• $\begingroup$ As I understand it he doesn't directly consider import and export directly. His main focus point is to abstract all input to 'low-profile' portions of labour which can then be viewed as commodities. $\endgroup$ – Matthias dirickx Jun 24 '16 at 7:14
  • $\begingroup$ Google scholar link - Not the only one, but I couldn't find an article that really focusses on the subject without dragging in a bunch of other import/export questions. $\endgroup$ – Matthias dirickx Jun 24 '16 at 7:33
  • $\begingroup$ @Matthiasdirickx: My reference to slavery was to point out that labour power is rented for part of the day but in order to import it you need to move the person to a new location for the whole day. So for practical reasons it is more involved to import labour than to import other commodities. In the case of slavery, the whole person was owned by the buyer, so it was less of a problem to move people around like things. But yes, if you can convince the provider of the commodity to move to a your place, I guess you can say that you are importing labour. $\endgroup$ – Giorgio Jun 24 '16 at 15:29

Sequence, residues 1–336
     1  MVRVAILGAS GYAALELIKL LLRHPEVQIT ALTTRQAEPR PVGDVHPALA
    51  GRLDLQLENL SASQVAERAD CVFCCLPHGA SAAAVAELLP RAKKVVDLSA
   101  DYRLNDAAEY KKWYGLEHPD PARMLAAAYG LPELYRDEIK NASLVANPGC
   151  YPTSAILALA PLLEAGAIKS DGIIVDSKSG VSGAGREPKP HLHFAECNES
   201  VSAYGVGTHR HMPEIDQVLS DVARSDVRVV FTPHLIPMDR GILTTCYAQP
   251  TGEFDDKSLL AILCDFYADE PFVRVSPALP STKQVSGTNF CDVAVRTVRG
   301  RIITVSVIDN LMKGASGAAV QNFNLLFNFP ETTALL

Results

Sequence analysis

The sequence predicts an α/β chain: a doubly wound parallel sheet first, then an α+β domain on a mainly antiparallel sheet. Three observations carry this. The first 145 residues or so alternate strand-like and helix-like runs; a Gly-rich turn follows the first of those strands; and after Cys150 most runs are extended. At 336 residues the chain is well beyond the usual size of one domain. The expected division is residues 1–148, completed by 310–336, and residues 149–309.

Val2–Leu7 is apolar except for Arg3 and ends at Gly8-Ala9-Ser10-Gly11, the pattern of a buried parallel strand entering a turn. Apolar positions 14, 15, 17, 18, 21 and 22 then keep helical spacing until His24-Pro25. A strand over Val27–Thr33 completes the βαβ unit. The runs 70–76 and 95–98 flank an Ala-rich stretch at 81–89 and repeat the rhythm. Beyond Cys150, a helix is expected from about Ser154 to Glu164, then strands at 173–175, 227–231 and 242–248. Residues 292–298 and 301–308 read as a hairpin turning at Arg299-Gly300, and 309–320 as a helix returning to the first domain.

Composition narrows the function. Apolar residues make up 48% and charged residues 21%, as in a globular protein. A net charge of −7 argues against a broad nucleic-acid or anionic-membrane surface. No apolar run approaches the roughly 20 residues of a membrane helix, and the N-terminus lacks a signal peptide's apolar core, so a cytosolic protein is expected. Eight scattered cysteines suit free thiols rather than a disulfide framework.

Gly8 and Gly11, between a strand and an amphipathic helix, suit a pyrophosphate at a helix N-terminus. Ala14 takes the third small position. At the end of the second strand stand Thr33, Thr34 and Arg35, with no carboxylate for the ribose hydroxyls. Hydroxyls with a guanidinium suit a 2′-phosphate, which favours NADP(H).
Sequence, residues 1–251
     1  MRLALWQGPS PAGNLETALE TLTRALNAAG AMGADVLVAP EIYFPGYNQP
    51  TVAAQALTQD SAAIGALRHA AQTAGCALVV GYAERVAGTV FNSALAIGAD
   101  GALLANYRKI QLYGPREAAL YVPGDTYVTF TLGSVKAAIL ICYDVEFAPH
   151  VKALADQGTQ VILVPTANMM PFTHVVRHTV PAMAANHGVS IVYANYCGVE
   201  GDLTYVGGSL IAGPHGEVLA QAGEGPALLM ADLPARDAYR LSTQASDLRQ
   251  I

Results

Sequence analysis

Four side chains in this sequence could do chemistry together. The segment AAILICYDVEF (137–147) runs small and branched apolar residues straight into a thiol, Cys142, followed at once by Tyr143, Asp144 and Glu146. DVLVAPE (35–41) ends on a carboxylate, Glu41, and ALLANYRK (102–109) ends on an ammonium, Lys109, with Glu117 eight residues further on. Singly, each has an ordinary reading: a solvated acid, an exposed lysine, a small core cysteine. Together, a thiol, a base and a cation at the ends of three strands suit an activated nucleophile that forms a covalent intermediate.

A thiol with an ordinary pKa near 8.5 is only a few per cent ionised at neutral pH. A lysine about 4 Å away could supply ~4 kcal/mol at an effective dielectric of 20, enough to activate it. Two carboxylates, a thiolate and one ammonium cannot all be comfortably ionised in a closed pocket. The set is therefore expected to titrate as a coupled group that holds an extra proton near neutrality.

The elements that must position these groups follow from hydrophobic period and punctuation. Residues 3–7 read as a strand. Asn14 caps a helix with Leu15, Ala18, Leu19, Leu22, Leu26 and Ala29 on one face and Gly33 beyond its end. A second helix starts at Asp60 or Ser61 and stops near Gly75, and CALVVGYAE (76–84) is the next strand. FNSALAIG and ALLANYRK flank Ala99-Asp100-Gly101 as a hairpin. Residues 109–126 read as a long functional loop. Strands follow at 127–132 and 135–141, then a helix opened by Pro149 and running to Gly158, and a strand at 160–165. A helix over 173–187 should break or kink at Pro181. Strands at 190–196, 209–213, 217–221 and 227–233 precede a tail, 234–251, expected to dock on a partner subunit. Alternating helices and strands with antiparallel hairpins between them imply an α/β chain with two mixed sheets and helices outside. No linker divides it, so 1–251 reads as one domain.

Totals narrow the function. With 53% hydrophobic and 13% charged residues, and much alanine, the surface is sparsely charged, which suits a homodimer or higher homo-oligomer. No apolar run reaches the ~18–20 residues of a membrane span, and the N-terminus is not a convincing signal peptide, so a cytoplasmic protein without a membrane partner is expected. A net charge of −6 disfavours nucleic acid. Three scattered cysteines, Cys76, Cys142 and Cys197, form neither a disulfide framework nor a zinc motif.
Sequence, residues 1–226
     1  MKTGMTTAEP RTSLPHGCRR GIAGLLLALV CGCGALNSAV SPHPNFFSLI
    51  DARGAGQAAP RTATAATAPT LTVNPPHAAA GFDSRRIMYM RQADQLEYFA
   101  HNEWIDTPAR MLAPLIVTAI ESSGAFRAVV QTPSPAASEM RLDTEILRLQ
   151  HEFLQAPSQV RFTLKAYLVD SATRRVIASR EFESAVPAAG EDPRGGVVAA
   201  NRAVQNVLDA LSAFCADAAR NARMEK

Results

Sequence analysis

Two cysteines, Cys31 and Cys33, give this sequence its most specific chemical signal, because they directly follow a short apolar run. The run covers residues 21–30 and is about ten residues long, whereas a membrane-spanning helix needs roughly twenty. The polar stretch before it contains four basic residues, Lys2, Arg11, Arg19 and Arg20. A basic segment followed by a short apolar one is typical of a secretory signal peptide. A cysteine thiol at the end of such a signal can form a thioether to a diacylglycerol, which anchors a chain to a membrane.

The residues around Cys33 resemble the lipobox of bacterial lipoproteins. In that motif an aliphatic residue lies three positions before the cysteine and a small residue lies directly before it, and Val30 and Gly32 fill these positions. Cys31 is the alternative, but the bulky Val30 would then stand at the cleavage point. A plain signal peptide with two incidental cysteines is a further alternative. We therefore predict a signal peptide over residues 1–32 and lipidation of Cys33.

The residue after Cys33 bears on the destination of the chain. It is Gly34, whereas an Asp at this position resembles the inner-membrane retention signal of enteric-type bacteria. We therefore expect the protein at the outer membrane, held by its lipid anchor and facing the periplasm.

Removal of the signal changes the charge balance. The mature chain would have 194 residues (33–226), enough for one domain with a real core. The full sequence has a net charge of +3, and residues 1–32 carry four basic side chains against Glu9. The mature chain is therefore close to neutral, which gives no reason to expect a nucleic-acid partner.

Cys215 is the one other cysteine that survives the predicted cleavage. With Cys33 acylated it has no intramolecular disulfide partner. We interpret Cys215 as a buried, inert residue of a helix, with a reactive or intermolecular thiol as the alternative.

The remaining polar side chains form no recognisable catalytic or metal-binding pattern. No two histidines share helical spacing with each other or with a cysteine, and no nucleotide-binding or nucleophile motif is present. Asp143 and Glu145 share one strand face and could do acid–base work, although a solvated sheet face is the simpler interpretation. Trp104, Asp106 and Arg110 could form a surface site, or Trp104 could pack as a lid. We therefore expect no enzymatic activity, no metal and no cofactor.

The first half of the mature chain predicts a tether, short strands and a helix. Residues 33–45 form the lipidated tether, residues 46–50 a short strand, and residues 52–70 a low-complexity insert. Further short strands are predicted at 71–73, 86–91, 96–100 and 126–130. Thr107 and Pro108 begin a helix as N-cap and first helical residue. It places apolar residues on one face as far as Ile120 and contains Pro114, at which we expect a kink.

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Under the broader definition of commodity (due to Marx, Das Kapital, Volume 1, Chapter 1, Section 1) as some material or immaterial thing that satisfies some human need, that can be owned, bought and sold on the market, labour power can be seen as a commodity:

  • It can produce useful things or services
  • It is owned by anybody who is able to work
  • It can be sold on the market for money

More precisely, labour power is sold as a commodity since its owner (the worker) sells it for a certain amount of hours to a buyer (the employer) according to a contract. The buyer owns and has the right to use this commodity for the number of hours it has been purchased by letting the seller perform work under his command. The buyer also owns the product of the purchased labour, and can use it or sell it on the market.

In a production process, labour power is treated as an input commodity like any other (raw materials, machinery, and so on).

Regarding import and export I am not sure. Since it is not the worker that is bought (this would mean slavery) but his / her labour power for a certain number of hours of the day, it is not very practical to import / export labour power. However, I think there exist companies that subcontract workers so that they can work abroad for a period of time. Maybe this can be considered as import / export of the labour commodity.